There are so many topics that could be explored about Peter Drucker’s perspectives on leadership (and of course, management as he tended to call both), and part of that is the timelessness of many of his writings, observations and analysis. One clear thread in his writings is the humanness of the organization, and a re-reading of this article from a decade ago underscores this point. Drucker was known not only as the father of management, but in one author’s opinion, he “was also an apostle for management” – due to the humanism that ran through all of his thought. It may have been human capital that was being managed, but it was human beings, with their inherent value that needed leading and was never disconnected from management.  “He treated companies as human organizations rather than just as sources for economic data,” and remarkably, he was able to tie this to the needs of an organization, and use the tools of “objectives and hard measurements.” To use his own words, he wrote that “management is about human beings. Its task is to make people capable of joint performance, to make their strengths effective and their weaknesses irrelevant.”

These methods of making people capable remain relevant to this present time.  For example, instead of trying to put a square peg in a round hole, Drucker would ask, “what needs to be done?”  And then advise, “do the things you are good at, and embrace and utilize the strength of others around you.”  Both aspects of this philosophy need to be embraced: strategic time management, beginning with a proper sense of priority and asking, what is the most important thing that I need to be doing right now? And being surrounded with the best people available at things we might not be particularly good at, or even interested in.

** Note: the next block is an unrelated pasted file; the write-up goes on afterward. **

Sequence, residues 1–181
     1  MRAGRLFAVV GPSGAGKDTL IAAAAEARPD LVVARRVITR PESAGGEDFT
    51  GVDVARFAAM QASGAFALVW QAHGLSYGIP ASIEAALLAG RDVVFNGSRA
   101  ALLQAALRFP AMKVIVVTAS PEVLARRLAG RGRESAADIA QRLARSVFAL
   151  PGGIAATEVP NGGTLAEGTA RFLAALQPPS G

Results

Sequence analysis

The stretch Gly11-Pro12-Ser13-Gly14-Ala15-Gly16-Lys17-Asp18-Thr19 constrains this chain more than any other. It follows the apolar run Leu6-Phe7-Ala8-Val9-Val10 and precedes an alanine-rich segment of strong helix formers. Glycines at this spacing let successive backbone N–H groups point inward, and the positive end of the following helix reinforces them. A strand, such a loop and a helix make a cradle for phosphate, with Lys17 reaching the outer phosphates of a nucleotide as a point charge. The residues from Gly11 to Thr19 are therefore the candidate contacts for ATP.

To make intelligent, discerning use of management tools, financial and statistical data, but not lose sight of the human side of business is the holy grail of great leadership. Again, Mr. Drucker’s own words from the same essay on this point are remarkable where he draws the connection between business and the humanities,

Management is thus what tradition used to call a liberal art – “liberal” because it deals with the fundamentals of knowledge, self-knowledge, wisdom, and leadership; “art” because it is also concerned with practice and application. Managers draw on all the knowledges and insights of the humanities and the social sciences – on psychology and philosophy, on economics and history, on ethics – as well as on the physical sciences. But they have to focus this knowledge on effectiveness and results.

I believe this idea – the thoroughgoing understanding and care about people is one of the reasons that Drucker was considered “the world’s greatest management thinker.” See the two articles from five and ten years ago, both worth a re-read:

(2009). Remembering Drucker. Economist:

Karlgaard, R. (2004). Peter Drucker on Leadership. Forbes:

Thoughts on Relevance, Change Management and Effective Leadership